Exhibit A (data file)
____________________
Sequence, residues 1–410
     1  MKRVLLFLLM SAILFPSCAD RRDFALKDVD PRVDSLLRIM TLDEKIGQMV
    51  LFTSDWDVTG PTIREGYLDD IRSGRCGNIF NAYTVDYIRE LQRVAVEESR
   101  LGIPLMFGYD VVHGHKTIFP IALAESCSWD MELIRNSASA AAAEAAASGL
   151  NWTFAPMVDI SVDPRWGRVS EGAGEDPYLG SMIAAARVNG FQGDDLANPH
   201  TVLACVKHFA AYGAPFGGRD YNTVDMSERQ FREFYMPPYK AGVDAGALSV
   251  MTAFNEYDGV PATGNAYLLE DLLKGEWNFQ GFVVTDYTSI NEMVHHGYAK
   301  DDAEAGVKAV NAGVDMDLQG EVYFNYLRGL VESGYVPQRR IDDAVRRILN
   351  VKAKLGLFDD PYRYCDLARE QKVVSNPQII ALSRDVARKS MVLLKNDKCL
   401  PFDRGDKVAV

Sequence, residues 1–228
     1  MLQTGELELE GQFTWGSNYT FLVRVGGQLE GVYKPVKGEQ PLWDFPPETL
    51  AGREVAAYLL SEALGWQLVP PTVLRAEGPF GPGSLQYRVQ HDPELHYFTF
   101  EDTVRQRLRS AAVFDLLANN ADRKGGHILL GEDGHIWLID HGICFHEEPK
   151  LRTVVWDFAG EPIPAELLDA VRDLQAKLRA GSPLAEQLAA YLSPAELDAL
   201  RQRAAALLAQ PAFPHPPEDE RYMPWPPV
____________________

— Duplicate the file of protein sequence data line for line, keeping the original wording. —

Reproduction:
Sequence, residues 1–410
     1  MKRVLLFLLM SAILFPSCAD RRDFALKDVD PRVDSLLRIM TLDEKIGQMV
    51  LFTSDWDVTG PTIREGYLDD IRSGRCGNIF NAYTVDYIRE LQRVAVEESR
   101  LGIPLMFGYD VVHGHKTIFP IALAESCSWD MELIRNSASA AAAEAAASGL
   151  NWTFAPMVDI SVDPRWGRVS EGAGEDPYLG SMIAAARVNG FQGDDLANPH
   201  TVLACVKHFA AYGAPFGGRD YNTVDMSERQ FREFYMPPYK AGVDAGALSV
   251  MTAFNEYDGV PATGNAYLLE DLLKGEWNFQ GFVVTDYTSI NEMVHHGYAK
   301  DDAEAGVKAV NAGVDMDLQG EVYFNYLRGL VESGYVPQRR IDDAVRRILN
   351  VKAKLGLFDD PYRYCDLARE QKVVSNPQII ALSRDVARKS MVLLKNDKCL
   401  PFDRGDKVAV

Sequence, residues 1–228
     1  MLQTGELELE GQFTWGSNYT FLVRVGGQLE GVYKPVKGEQ PLWDFPPETL
    51  AGREVAAYLL SEALGWQLVP PTVLRAEGPF GPGSLQYRVQ HDPELHYFTF
   101  EDTVRQRLRS AAVFDLLANN ADRKGGHILL GEDGHIWLID HGICFHEEPK
   151  LRTVVWDFAG EPIPAELLDA VRDLQAKLRA GSPLAEQLAA YLSPAELDAL
   201  RQRAAALLAQ PAFPHPPEDE RYMPWPPV